A: “Hiring managers put out [the long] job description because they want to find the perfect candidate, even though they realize they likely don’t exist, or that they do but there are other reasons they can’t accept the job, like location or compensation,” Schreiber says. He points out that some employers are willing to train talented individuals, providing they have the intellectual bandwidth to learn quickly.

Do you have more questions for hiring managers? Post them in the comments below, and we’ll call around to get their answers.

Comments

  1. BY Larry Dennis says:

    the mythical “hit the ground running” meme.

    Quote: “But if our team is underwater and we need someone to hit the ground running”

    Seriously? I’m willing to bet that the reason your team is underwater is that you were unwilling to make I hiring decision prior to the team being “underwster”. Had you actually hired someone and trained them the three months that you estimate you’d have saved everyone especially your team a lot of pain and suffering, but of coarse waited for someone to buy you a pony.

    It simply amazes me the current “trends” management follows in lock step these days without a care how it affects their team or society at large. If the truth be told the reason why companies and hiring managers do the things they do is because the can.

    • BY Cicuta says:

      Larry, you’re 100% correct!

      I am a professional with more than 30 years’ experience in engineering from electronic design to systems including computer systems and IT. I have seen a lot of “Certified” people working at different companies in the IT world and they just cannot cut the mustard when it comes to solving problems. The engineer by nature is a tech person and an avid learner and what is better than “Certification” is that they are trained to think logically by the engineering profession. When I see a job description with more than 20 skills I just laugh and think how stupid hiring people are. It is a fact that perfection is unattainable in any field, the person can be good but not perfect and in order to reach that level the person has to do the same job on a daily basis. A good example is programming regardless of the language…the person has to program day in and day out every day for ever and forgets about the rest of other skills. Why universities have different disciplines in engineering and technology? It is a fact of life that no one is a do it al and be darn good in everything.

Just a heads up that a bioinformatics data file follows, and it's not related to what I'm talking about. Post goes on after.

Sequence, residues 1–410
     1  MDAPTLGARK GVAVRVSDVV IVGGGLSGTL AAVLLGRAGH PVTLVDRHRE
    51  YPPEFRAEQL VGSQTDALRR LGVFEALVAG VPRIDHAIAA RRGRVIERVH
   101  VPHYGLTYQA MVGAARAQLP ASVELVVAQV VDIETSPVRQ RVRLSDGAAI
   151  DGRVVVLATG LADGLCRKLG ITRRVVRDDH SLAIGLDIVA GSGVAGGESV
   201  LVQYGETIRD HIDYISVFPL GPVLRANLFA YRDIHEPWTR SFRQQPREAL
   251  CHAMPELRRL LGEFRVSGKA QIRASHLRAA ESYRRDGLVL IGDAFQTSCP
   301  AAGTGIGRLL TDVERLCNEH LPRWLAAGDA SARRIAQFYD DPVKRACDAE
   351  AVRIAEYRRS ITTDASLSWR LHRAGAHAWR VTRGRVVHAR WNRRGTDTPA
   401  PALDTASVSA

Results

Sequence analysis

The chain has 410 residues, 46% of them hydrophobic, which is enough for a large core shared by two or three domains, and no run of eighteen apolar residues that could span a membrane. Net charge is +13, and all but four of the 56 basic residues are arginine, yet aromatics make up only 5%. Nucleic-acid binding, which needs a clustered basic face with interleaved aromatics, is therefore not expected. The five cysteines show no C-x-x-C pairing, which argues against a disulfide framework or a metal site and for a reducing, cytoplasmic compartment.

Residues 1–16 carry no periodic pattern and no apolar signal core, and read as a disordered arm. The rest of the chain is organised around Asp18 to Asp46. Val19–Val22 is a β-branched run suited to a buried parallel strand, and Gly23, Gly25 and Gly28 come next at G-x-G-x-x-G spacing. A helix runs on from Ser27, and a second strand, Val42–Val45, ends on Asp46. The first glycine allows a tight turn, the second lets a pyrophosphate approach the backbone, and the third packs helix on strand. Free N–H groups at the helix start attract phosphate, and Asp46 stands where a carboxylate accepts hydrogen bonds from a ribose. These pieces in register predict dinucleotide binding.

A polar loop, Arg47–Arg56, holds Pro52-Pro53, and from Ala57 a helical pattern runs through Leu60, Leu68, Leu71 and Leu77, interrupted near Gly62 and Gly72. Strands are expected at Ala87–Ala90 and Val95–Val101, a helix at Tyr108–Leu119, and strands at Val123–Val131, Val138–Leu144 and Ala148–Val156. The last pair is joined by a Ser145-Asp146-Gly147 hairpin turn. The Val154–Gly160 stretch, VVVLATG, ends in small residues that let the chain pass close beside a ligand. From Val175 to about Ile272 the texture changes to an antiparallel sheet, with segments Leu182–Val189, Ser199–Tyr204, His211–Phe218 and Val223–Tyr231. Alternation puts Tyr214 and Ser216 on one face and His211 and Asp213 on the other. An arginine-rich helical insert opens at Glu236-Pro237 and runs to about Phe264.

• BY Glen says:

      If the hiring manager makes a bad hiring decision that has something that his/her bosses can point to as a sign of the hiring manger’s incompetence, that is bad for the hiring manager. If he/she can put off the decision, even if that manager is eventually laid off, at least he/she can claim hiring competence by saying that no quality people were available for the project. Most modern project management, especially in the area of staffing, is all about promising the boss that you’ll teach his horse to sing.

      • BY Gary says: